What the Tech? Saving & converting old home videotapes
Like many people, I have dozens of old videotapes stored in boxes and on shelves in my house. Video of my children being born, their first Christmas, first time on a bike, first soccer game, and hours of dance recitals and school programs.
We can't watch them. The technology from the 90s and 2000s is obsolete. We haven't had a VCR connected to a TV in more than 10 years and many of those videotapes were shot with Hi-8 and mini-DV cameras.
In the past few months I've had several people ask if it's possible to take old videotapes and put them on a computer so they can be enjoyed again. You can send them to a company and have them converted to a video file but those companies often charge $50-$100 per tape. I purchased a device that is supposed to make the process easy and it sounded like a cool weekend DIY project.
Dazzle is a device by Pinnacle Studios, a company that has made non-linear editing tools for years. It comes in an odd-shaped box and the device itself is sort-of teardrop shape. On one end is a USB to plug into a computer and the box itself has inputs for RCA cables, the cables that we connected to a VCR, yellow for video and red/white for audio.
I connected the cables to an old VCR to convert VHS tapes. The included software, which I installed on the computer before connecting the VCR, automatically 'saw' the device and I was prompted to "Start Capture." I hit play on the VCR and the video began to record on the computer. Once it was finished I could do some basic editing using the software. I was then able to export the video to an MP2 file with video and audio. The quality of the footage was about what you'd expect from a 25 year old VHS tape, but it was good.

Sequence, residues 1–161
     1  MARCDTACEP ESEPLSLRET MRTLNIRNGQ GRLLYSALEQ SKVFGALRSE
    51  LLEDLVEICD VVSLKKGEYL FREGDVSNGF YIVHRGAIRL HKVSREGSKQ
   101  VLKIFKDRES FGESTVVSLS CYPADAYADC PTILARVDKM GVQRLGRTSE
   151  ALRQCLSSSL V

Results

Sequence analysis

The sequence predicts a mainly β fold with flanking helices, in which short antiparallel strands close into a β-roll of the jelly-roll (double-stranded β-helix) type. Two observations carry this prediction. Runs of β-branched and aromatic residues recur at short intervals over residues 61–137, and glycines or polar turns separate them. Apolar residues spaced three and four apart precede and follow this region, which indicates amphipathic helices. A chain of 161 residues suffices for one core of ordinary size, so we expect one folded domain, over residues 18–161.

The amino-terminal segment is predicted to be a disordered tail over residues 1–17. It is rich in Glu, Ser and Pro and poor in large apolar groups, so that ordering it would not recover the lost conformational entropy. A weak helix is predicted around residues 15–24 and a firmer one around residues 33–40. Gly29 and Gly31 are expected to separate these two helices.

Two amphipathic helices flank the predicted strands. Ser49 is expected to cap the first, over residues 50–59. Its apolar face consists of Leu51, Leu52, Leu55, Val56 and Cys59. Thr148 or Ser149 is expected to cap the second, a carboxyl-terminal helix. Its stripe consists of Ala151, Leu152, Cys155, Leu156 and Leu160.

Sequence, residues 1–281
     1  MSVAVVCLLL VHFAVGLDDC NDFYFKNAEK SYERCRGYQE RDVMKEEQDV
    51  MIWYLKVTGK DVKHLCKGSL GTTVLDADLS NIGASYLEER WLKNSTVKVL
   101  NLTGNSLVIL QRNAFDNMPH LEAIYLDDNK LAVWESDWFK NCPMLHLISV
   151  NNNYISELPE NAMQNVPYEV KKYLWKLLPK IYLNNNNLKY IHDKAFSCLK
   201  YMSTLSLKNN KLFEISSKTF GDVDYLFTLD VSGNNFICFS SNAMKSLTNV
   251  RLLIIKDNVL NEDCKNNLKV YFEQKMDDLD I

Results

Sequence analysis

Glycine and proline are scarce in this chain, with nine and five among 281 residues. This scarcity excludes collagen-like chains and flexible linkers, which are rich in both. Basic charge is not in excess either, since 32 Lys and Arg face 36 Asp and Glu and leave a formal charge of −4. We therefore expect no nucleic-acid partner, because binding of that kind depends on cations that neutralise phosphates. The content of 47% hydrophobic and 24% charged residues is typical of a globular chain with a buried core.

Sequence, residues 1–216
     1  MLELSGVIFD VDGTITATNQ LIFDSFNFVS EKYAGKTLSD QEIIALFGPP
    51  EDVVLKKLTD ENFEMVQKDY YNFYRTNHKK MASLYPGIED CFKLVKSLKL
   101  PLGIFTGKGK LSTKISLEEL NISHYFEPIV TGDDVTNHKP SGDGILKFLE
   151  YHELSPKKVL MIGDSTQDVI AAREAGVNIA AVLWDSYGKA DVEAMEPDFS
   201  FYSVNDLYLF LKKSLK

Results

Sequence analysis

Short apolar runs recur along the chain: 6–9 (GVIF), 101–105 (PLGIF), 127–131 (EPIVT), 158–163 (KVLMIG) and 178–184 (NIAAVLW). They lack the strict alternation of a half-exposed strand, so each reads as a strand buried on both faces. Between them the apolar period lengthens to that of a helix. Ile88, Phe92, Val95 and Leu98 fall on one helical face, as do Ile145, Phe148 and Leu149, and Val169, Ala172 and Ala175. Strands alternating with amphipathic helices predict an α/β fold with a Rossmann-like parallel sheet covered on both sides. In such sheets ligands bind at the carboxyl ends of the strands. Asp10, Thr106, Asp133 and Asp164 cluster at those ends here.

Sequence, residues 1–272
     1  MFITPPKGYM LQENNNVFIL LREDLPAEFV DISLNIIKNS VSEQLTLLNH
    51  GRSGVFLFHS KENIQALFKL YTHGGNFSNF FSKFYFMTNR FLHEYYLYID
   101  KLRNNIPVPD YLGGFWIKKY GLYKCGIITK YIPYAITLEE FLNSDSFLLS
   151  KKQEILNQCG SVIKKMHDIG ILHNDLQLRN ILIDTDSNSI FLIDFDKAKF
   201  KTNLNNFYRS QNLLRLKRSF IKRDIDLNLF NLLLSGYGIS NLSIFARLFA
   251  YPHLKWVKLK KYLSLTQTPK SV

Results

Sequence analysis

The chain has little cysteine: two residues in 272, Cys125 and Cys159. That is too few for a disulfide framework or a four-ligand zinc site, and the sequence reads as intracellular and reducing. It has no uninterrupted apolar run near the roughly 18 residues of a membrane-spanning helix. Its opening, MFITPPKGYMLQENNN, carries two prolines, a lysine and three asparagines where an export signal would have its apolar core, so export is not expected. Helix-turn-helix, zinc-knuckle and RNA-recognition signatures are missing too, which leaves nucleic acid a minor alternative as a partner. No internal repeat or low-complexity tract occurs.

Converting videotapes shot on Hi8 or mini-DV tapes is a bit trickier. In order to play the videos you must have a player, which will almost always be a camera. Fortunately, I kept my old Hi8 and mini-DV cameras.
Neither camera has RCA outputs so I had to dig up those old cables that allowed me to watch the videos 20 years ago. Once I connected the camera to the Dazzle device, capturing them to my computer was easy.
MP2 files can be viewed on a computer or you can sometimes export them to an SD card or thumbdrive to watch on a larger screen. I uploaded the videos to YouTube so we have even more choices to watch them using a Roku, Firestick or Chromecast player.
It is a long process. Converting an hour-long videotape takes an hour to capture and then more time to do the actual converting. Pinnacle included easy-to-follow directions and the software prompts you at nearly every step.
The Dazzle device works well, the problem I ran into was connecting it to old camcorders. The VCR that had been gathering dust in a storage room ate one of the videotapes. All in all though, I found the actual process of converting the videos simple and it's a lot better than spending hundreds of dollars converting them all.
Now my family will be able to sit and watch those old tapes and remember the good old days of past Halloween and Christmas holidays.